Overview

Itchy skin is an uncomfortable, irritating sensation that makes you want to scratch. Also known as pruritus (proo-RIE-tus), itchy skin can be caused or worsened by dry skin. It's common in older adults, as skin tends to become drier with age.

Depending on the cause of your itchy skin, it may appear normal, red, rough or bumpy. Repeated scratching can cause raised thick areas of skin that might bleed or become infected.

Many people find relief with self-care measures such as moisturizing daily, using gentle cleansers and bathing with lukewarm water. Long-term relief requires identifying and treating the cause of itchy skin. Common treatments are medicated lotions, moist dressings and oral anti-itch medicines.

Symptoms

You may have itchy skin over certain small areas, such as on an arm or leg, or over your whole body. Itchy skin can occur without any other noticeable changes on the skin. Or it may be associated with:

  • Redness
  • Bumps, spots or blisters
  • Dry, cracked skin
  • Leathery or scaly skin

Sometimes itchiness lasts a long time and can be intense. As you rub or scratch the area, it gets itchier. And the more it itches, the more you scratch. Breaking this itch-scratch cycle can be difficult.

When to see a doctor

See your doctor or a skin disease specialist (dermatologist) if the itching:

  • Lasts more than two weeks and doesn't improve with self-care measures
  • Is severe and distracts you from your daily routines or prevents you from sleeping
  • Comes on suddenly and can't be easily explained
  • Affects your whole body
  • Is accompanied by other signs and symptoms, such as extreme tiredness, weight loss, changes in bowel habits, or urinary frequency, fever or redness of the skin

If the condition persists for three months despite treatment, see a dermatologist to be evaluated for skin disease and an internist to be evaluated for other diseases.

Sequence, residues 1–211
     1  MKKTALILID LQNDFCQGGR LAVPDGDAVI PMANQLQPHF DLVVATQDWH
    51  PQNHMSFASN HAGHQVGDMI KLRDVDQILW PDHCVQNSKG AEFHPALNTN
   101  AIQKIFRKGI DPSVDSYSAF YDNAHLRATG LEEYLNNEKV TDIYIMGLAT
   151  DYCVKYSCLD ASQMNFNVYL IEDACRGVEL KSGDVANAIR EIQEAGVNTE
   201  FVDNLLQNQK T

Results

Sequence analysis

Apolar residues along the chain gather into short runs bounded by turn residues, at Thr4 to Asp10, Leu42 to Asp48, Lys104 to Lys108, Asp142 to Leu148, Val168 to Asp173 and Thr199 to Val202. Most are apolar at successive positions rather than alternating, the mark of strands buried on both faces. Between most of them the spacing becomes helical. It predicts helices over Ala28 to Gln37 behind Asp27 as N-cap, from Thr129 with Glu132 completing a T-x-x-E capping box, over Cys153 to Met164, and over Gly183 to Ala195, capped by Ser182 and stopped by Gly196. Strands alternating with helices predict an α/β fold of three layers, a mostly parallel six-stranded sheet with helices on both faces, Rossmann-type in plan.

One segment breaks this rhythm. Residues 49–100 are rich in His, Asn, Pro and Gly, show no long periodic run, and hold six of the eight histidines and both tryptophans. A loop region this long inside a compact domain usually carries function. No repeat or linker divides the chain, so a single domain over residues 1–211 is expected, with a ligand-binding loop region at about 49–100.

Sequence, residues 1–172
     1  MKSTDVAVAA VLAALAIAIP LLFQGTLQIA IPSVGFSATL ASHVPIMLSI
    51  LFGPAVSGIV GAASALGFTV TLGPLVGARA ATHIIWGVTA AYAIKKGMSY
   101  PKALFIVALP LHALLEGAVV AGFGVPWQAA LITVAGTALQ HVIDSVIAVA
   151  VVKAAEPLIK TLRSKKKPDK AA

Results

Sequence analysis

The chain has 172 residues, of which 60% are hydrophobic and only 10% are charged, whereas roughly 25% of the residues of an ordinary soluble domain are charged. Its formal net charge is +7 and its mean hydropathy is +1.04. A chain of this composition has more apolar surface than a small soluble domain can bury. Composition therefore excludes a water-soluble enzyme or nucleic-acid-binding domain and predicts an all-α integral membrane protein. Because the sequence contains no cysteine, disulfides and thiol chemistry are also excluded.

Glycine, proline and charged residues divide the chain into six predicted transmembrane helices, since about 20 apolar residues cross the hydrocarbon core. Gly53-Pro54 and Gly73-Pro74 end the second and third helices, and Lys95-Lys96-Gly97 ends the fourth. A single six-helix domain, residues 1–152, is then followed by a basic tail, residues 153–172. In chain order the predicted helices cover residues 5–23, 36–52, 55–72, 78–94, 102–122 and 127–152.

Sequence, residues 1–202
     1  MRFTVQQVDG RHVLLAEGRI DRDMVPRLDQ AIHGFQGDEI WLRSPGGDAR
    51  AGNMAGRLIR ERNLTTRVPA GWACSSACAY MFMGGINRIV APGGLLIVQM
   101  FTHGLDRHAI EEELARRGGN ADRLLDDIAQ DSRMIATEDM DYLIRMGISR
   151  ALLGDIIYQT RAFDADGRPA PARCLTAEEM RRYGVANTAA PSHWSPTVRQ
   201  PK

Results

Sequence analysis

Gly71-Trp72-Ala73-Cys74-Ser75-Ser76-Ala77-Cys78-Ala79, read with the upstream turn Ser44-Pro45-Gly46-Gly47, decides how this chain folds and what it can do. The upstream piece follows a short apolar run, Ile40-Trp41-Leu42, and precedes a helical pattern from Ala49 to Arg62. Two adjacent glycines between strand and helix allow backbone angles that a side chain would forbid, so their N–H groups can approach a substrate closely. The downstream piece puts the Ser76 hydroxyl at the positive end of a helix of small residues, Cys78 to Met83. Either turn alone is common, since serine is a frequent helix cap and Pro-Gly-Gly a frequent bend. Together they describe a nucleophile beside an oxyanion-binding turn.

Causes

Causes of itchy skin include:

  • Skin conditions. Many skin conditions itch, including dry skin (xerosis), eczema (dermatitis), psoriasis, scabies, burns, scars, insect bites and hives.
  • Internal diseases. Itchy skin can be a symptom of an underlying illness. These include liver disease, kidney failure, iron deficiency anemia, thyroid problems and certain cancers, including multiple myeloma and lymphoma.
  • Nerve disorders. Conditions that affect the nervous system — such as multiple sclerosis, diabetes, pinched nerves and shingles (herpes zoster) — can cause itching.
  • Psychiatric diseases. Examples of psychiatric diseases that can cause itchy skin are anxiety, obsessive-compulsive disorder and depression.
  • Irritation and allergic reactions. Wool, chemicals, soaps and other substances can irritate the skin and cause itching. Sometimes the substance, such as poison ivy, parasites or cosmetics, causes an allergic reaction. Also, reactions to certain drugs, such as narcotic pain medications (opioids) can cause itchy skin.
  • Pregnancy. During pregnancy, some women experience itchy skin.

Sometimes the cause of the itching can't be determined.

Complications

Itchy skin that lasts more than six weeks (chronic pruritus) can affect the quality of your life, for example, by interrupting your sleep and causing anxiety or depression. Prolonged itching and scratching may increase the intensity of the itch, possibly leading to skin injury, infection and scarring.

Dec. 27, 2018
References
  1. Fazio SB, et al. Pruritis: Overview of management. https://www.uptodate.com/contents/search. Accessed Nov.1, 2018.
  2. AskMayoExpert. Pruritus without rash. Rochester, Minn.: Mayo Foundation for Medical Education and Research; 2018.
  3. Goldsmith LA, et al., eds. Pathophysiology and clinical aspects of pruritus. In: Fitzpatrick's Dermatology in General Medicine. 8th ed. New York, N.Y.: The McGraw-Hill Companies; 2012. https://www.accessmedicine.mhmedical.com.
  4. Accessed Nov. 1, 2018.
  5. Yosipovitch G, et al. Chronic pruritis. The New England Journal of Medicine. 2013;368:1625.
  6. Gibson LE (expert opinion). Mayo Clinic, Rochester, Minn. Nov. 15, 2018.
  7. Fazio SB, et al. Pruritis: Etiology and patient evaluation. https://www.uptodate.com/contents/search. Accessed Aug. 23, 2016.
  8. Cunningham FG, et al., eds. Dermatological disorders. In: Williams Obstetrics. 25th ed. New York, N.Y.: McGraw-Hill Education; 2018. https://www.accessmedicine.mhmedical.com. Accessed Nov. 1, 2018.
  9. Parasites: Cercarial dermatitis (also known as swimmer's itch). Centers for Disease Control and Prevention. http://www.cdc.gov/parasites/swimmersitch/faqs.html. Accessed Nov. 1, 2018.

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